Wednesday, November 16, 2005

Long, boring, rambling post, mostly about crochet

"I mean she used to be happy here until she, she
started on the crochet....Now she can't do without it. Twenty balls of wool a
day, sometimes. If she can't get the wool she gets violent. What can we do about
it?" (Monty Python, "Hell's Grannies")

I had to pull out my crochet hook recently to remove my knitted dishcloths from the knitting loom. (I wrapped fourteen pegs on the blue Knifty Knitter loom and used either the second flat removal method from Decor Accents or single crochet to get the dishcloth off the loom.) Handling a crochet hook again made me think about crochet, my grandmother, and my own oddity.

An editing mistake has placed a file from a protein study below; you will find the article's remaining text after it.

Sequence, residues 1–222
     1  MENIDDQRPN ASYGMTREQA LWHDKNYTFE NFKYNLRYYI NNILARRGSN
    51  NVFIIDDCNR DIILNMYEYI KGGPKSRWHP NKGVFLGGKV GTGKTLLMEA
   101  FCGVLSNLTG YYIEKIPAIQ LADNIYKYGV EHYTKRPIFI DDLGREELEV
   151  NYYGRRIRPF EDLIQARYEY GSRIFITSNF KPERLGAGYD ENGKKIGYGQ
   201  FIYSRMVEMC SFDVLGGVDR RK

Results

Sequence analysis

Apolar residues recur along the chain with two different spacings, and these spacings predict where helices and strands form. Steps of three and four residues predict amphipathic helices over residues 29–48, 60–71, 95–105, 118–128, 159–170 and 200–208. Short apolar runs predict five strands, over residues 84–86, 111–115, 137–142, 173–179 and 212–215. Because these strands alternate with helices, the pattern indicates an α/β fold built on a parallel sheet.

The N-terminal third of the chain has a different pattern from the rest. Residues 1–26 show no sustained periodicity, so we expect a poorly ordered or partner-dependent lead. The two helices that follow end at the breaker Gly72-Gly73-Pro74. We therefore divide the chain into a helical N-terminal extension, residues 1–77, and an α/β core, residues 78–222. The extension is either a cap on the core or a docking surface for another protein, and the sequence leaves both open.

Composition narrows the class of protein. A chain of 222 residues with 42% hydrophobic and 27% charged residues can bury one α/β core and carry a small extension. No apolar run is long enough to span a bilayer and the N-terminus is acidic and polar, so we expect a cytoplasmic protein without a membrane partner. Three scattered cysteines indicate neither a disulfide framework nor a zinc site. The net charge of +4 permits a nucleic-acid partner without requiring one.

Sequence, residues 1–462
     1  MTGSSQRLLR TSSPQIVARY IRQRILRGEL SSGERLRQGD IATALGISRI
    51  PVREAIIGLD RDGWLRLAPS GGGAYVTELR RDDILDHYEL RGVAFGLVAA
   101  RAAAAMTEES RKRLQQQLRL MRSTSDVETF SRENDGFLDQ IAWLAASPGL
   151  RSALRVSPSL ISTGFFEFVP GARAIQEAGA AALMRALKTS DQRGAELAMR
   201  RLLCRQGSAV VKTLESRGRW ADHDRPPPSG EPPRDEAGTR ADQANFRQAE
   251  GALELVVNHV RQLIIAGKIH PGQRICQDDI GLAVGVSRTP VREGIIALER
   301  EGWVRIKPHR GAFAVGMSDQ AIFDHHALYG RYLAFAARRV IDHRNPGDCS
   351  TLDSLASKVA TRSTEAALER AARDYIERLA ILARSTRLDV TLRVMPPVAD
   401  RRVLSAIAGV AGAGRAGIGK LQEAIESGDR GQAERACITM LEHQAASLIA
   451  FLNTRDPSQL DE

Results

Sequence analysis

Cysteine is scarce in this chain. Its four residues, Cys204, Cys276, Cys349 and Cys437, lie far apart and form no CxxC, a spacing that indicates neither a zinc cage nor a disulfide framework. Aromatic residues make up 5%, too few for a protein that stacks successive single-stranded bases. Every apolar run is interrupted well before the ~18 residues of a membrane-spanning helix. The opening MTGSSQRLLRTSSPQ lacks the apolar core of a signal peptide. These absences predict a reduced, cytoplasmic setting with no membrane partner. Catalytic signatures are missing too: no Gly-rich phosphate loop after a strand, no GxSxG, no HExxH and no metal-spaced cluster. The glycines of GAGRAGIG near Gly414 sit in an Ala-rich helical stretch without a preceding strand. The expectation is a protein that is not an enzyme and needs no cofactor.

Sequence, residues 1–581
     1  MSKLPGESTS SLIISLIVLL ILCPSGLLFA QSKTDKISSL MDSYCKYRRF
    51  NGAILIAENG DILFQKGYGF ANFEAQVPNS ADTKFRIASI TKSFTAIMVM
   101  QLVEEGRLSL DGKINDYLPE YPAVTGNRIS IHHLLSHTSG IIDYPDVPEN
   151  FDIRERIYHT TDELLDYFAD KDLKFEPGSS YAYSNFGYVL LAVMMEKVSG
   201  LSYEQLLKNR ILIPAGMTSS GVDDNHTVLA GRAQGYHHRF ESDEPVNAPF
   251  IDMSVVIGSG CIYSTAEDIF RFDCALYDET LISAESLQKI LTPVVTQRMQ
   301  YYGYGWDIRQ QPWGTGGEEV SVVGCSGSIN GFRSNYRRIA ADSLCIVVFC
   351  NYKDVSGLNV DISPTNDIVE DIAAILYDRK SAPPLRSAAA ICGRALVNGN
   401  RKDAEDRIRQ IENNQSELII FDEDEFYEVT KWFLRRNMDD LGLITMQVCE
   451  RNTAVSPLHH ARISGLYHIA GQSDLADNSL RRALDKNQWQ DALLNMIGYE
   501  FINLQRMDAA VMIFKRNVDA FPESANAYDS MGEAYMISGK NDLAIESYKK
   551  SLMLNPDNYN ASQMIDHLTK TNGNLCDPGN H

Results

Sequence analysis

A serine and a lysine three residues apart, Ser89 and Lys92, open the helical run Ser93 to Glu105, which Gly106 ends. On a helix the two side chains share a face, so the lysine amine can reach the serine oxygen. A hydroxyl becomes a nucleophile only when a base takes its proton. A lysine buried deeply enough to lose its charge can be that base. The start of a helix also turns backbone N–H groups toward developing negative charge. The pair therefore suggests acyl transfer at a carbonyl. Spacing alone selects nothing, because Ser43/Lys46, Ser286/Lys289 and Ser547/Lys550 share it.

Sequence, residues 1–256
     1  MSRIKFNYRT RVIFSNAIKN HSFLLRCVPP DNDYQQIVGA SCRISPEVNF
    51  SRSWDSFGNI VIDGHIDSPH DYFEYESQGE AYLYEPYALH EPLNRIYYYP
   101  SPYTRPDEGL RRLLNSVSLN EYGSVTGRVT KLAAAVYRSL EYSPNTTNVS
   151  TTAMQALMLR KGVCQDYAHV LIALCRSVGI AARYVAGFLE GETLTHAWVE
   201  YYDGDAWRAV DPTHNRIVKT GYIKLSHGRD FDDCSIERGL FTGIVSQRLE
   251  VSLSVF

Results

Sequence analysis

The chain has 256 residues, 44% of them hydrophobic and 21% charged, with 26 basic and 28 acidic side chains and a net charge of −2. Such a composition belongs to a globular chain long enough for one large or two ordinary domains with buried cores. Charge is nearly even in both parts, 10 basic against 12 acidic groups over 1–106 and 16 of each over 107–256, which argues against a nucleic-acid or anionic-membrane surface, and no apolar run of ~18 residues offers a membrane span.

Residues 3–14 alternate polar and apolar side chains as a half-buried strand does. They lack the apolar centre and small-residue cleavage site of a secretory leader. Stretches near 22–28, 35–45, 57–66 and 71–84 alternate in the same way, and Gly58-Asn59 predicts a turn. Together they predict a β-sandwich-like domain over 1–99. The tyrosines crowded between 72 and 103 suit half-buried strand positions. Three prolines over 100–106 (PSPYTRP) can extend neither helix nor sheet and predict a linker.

Crochet actually has an interesting, if obscure, history. (The two best online resources I've seen are the Wikipedia entry and "Crochet--A Biography Disputed" at Suite 101.) There seems to be no hard evidence of crochet's existing before about 1800, but it proceeded to become popular toward mid-century. Unfortunately it also acquired a bit of a stigma. Impoverished Irish women (supposedly taught by nuns) crocheted lace to make money so they could live. This sold because it was cheaper than the previously available forms of lace, but because of its providing a cheaper substitute for "real" lace--and, let's face it, because of its association with the Irish--crochet was looked down upon by some people as a lower-class pursuit. (See here for another possible reason it may have been looked down upon: poor people frittering away their time making finery for themselves may have offended some of the non-poor.) Crochet's status was helped somewhat when Queen Victoria both wore crochet and learned to DIHRS (Do It Her Royal Self), but it seems to have retained a slight taint as a lower-class pursuit. I read on Craftster that the knitting teacher and author Elizabeth Zimmerman was known often to sneer at crochet, and many people, if they think about it at all, have some vague idea of knitting being "better" or cooler or a greater accomplishment or nicer--or they at least know what knitting is and haven't a clue about crochet. Personally, I think some of the crocheted atrocities of the 1970s (can we say gaudy Granny square hippie vests?) or early '80s (look here if you dare) did not help crochet's hipness factor, but those days are behind us. What with nicer yarns (as far as I can tell crochet thread is much the same as it ever was?), crocheters sharing ideas online, new books on the subject, and so forth, crochet may even be set for a resurgence in popularity.